“etude op.8, no.2 (eight piano voicings of brutality)” that evokes the beating he took that many believe triggered his mental illness:
bits of face spilling onto the ground.
this dissonant vengeance of disfigured
back slaps, bootkicks to the ribcage, spleen, pancreas
and you piss yourself. (42)
or “etude op. 8, no.6 (eight piano voicings of a straightjacket)”:
an elbow of bas- relief elbow. criss- cross applesauce of a white-angled bowl leaves the stank of duck clothe in the palate. (43) Section 4, un poco loco, (also the title of one of Powell’s most famous compositions) continues the work of excavating Powell’s genius. Time and present reality are again blurred in “mnemonic fragments (ballad for crossing the unbridgeable chasm).” Non-sequentially numbered stanzas blur time in the hospital and document his unsteady grip on the world:
53. as a follow up
question: how to play
and delight your way through the diagnosis? (54)
The final section, paris spring, autumn in new york, brings Powell’s life to a close, documenting his time first in Paris when, briefly, he got sober and sane with the friendship and patronage of the artist and amateur musician Francis Paudras. The beautiful synesthesia of his genius demands we acknowledge his extraordinary gift, even as we sense the end in New York is near:
. . . a G major as a kind of fog-belted clearing in the ‘fore day morning waiting to warm. F sharp like sunup is a loud popping of light. (82, “aubade: earl of Harlem composing extemporaneously”)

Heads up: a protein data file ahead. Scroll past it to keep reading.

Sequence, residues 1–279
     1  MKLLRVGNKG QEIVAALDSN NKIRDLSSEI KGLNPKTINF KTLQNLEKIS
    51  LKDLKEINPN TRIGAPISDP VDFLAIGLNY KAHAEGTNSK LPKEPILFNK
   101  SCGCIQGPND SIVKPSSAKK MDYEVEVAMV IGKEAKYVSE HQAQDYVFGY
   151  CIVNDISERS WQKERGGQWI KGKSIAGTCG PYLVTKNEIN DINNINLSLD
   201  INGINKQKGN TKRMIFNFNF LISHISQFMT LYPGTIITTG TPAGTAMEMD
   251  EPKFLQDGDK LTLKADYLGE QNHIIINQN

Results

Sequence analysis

under the aegis of a winged mind is a book that rewards and rewards again with each reading. These poems that skitter and roll across the page in long or short staggered lines, their composition rivaling a jazz syntax, sing something new every time we experience them. White space syncopated against breath pulses the stanzas, and the whole jam pushes and pulls you into the bop at the end of the world. This collection doesn’t immediately offer itself for easy paraphrase, for quick categorization or the handy poetic take-away. It might be about music. It might be about mental illness and police violence and alcoholism; it might be about creativity and the winged mind. Readers unfamiliar with the history and canon of jazz are advised to read Bandele’s substantial notes in advance, and to reference them throughout. But rehearse the music; let it lift you with its song.
Lynnell Edwards is associate programs director for the School of Creative and Professional Writing, where she is also faculty in poetry and professional writing. Her five collections of poetry include, most recently, This Great Green Valley (2020); Kings of the Rock and Roll Hot Shop, Covet, The Highwayman's Wife, and The Farmer's Daughter. Her book reviews, poems, and short stories have been included in numerous journals including Pleaides, New Madrid, American Book Review, Sou'wester, and Waccamaw.